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From Glen Daniels <>
Subject RE: Parsing stuff
Date Thu, 19 Apr 2001 18:13:13 GMT

This looks pretty good, James, and is in a lot of ways just about identical
to what I did. :)

A few comments:

* Using thread.suspend(), thread.resume(), etc. directly isn't a good plan.
You want to be using condition variables and explicit synchronization across
the two threads - your code as it stands has places where deadlock can
occur.  (example: what if we're in
MessageElementFactory.getHeaderElement(int) and the parseThread runs really
quickly after you resume() it - in fact so quickly that it's already
resume()d our thread before we suspend()...)

* Too much context switching; I'd rather not suspend() and resume() for each
element if you don't need to (i.e. if you're looking for something, why

* I'm not sure how much we gain with the "symbol table" approach as opposed
to just recording what we get directly.

My code (attached) synchronizes, uses a slightly different model for
recording, and lets the parse thread keep going until it finds the desired
element (only supports headers at the moment, though).  On the other hand,
yours is more complete in several areas, and I like the "factory" much
better than my more tight binding to SAX.  We should probably merge the two
and check the sucker in, after we make sure that everything is pluggable


> -----Original Message-----
> From: James M Snell []
> Sent: Thursday, April 19, 2001 12:29 AM
> To:
> Subject: Re: Parsing stuff
> Well... coincidentally, in between implementing a simple 
> version of the 
> serialization/deserialization architecture for the current 
> Axis codebase 
> and writing a new article for developerWorks, I took some 
> time last night 
> to throw together the attached bit of code that does the same 
> thing.  This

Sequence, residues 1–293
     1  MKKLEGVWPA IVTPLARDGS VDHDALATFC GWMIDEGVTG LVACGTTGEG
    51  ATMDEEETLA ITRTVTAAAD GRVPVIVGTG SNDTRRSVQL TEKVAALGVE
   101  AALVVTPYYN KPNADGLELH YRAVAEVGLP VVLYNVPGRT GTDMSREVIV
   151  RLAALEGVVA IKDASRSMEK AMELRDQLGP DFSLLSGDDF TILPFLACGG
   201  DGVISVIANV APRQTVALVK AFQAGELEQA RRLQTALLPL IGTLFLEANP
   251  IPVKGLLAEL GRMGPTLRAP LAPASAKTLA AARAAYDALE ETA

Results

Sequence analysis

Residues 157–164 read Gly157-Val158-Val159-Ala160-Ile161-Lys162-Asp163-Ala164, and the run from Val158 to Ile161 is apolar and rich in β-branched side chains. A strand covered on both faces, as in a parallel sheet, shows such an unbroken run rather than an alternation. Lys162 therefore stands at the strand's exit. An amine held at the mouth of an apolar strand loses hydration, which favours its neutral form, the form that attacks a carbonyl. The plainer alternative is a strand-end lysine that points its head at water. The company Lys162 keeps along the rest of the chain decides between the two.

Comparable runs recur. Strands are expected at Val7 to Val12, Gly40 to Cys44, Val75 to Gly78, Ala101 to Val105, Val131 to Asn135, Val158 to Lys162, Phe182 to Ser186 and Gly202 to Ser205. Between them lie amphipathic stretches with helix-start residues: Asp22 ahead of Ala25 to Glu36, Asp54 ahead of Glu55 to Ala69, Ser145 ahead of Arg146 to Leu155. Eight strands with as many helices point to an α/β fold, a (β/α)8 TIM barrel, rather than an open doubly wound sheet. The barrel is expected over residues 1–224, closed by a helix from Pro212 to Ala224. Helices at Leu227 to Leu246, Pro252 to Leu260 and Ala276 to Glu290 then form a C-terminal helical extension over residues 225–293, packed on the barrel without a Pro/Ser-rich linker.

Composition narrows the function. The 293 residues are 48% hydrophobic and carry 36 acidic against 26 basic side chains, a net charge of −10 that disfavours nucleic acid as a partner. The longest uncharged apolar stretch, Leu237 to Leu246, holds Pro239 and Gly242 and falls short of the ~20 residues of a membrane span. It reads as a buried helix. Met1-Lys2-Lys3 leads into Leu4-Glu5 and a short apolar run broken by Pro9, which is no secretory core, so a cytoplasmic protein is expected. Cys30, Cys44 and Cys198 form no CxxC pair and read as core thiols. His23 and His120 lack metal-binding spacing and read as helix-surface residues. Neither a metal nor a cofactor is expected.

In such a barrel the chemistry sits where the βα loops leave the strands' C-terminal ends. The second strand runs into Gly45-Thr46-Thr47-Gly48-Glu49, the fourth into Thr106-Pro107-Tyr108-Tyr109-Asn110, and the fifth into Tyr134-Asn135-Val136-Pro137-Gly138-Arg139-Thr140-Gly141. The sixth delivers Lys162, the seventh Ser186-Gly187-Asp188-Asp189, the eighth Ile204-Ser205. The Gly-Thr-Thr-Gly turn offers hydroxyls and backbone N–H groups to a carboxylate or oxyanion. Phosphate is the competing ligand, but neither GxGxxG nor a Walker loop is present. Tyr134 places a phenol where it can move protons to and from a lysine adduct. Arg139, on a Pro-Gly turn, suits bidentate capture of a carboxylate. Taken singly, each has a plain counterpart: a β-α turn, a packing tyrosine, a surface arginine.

> code is pretty basic, and since I'm not going to claim to be 
> an expert in 
> Java thread management, may not be completely right on.  But, 
> it does work 
> (though the object model does need a bit of cleanup)
> This code gives us:
>     1. Streaming support
>     2. Lazy parsing
>     3. Much better performance (for a simple SOAP envelope 
> with 2 headers 
> and a single body element, I was noticing speeds averaging about 10 
> milliseconds for each loop in the code contained in the 
> class 
> (see the zip file) compared to an average of 40-50 
> milliseconds per loop 
> using a DOM approach (I'm using Xerces2 in nonvalidating mode, btw).
> I wrote this last night between 11:00pm and 2:00am so please 
> be gentle 
> with your flames ;-) 
> - James Snell
>      Software Engineer, Emerging Technologies, IBM
> (online)
> (offline)
> Please respond to 
> To:     "''" <>
> cc: 
> Subject:        Parsing stuff
> I've got a version of the multi-thread SAX parse working, 
> though it needs 
> a
> bit of cleanup.  It's mostly a proof-of-concept.
> I'm going to see if I can make some improvements, clean it up 
> a bit, and
> post it to the list tomorrow for review.
> Basically, it does exactly what we talked about.  When you create a 
> Message
> around an InputSource, it spawns a thread which parses the <envelope>
> element, makes sure it looks OK, and then suspends.  When 
> anyone asks for
> something from the Message (i.e. getHeaderByName(QName)), the parsing 
> thread
> wakes up and runs until it finds the desired thing or runs out of XML
> (initially this just means getting to the end of the headers).  As it 
> goes,
> it creates SOAPHeader objects, which contain records of the SAX events
> inside them, suitable for replaying to any ContentHandler.  
> Meanwhile the
> other thread (the one that made the getHeaderByName() call) 
> blocks until 
> the
> parse is complete.
> Glen Daniels
> Macromedia
> Engineering Manager
>                                 Building cool stuff for web developers

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